ITV, the embattled U.K. broadcaster, will hand back an additional £200 million ($360 million) in cash to stockholders and implement new savings of $180 million by 2008, including a $54 million cut in sports budgets.
Said ITV CEO Charles Allen, “ITV, with its strong brand, original content, Freeview capacity and cross-promotional capability, is uniquely well positioned to benefit, as the U.K. television market continues to fragment and the number of outlets and demand for high-quality content continues to increase.”
But it remains to be seen if these latest measures — introduced as ad revenues for the first half of the year are expected to show a decline of 4.6% to $1.35 billion — help lift ITV’s flagging stock price.
The company, which this week announced the closure of two of its production centers, including children’s, plans to spend an extra $36 million on multichannel next year, following the launch of a “+1” version of successful youth-skewed weblet ITV2.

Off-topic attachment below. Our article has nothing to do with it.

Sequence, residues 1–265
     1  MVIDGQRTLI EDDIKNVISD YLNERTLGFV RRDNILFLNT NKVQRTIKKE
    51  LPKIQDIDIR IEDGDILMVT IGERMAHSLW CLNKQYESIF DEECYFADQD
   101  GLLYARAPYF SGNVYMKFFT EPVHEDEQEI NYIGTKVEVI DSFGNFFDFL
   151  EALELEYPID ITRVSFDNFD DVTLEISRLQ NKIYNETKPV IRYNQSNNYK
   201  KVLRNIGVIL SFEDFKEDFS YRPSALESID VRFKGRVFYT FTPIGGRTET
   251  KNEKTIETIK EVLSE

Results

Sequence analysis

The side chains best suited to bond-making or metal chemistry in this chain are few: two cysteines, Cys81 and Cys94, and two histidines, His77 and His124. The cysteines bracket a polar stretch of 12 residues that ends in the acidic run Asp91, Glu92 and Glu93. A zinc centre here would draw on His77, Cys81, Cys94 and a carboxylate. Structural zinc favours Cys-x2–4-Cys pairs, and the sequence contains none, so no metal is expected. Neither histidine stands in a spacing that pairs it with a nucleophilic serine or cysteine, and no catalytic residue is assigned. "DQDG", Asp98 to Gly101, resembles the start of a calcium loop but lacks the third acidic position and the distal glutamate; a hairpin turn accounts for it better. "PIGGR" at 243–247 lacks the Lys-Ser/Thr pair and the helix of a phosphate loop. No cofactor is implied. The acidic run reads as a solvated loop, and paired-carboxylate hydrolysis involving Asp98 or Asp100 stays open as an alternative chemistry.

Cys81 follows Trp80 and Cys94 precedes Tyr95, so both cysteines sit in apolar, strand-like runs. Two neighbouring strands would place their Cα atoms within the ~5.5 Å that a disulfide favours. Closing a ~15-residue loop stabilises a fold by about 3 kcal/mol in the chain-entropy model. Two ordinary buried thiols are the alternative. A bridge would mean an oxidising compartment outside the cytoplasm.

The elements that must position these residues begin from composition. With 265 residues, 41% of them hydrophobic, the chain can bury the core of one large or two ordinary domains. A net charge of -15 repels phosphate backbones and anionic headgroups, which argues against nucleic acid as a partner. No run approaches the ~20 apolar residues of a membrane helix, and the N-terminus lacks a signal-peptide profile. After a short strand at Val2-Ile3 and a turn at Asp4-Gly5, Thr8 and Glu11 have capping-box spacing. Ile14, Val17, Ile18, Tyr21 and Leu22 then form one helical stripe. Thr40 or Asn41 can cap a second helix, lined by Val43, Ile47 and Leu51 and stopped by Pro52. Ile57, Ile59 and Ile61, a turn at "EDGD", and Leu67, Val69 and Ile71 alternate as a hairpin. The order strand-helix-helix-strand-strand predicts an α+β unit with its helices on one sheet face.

As flagship station ITV1 continues to perform erratically, the broadcaster is attempting to drive new revenue streams from digital channels and other new-media entities.
The objective is for 50% of total revenues to come from sources outside ITV1 spot advertising by 2010.
Revenues at the digital channels increased by 42% to $124 million in the first half of 2006, but total revenues for the period are reckoned to be up just 2%.
In March, ITV successfully stopped a takeover bid led by veteran British TV topper Greg Dyke backed by private equity group Apax, but rumors persist of other predators stalking the broadcaster.
One being mentioned involves New York-based financiers Kohlberg Kravis Roberts.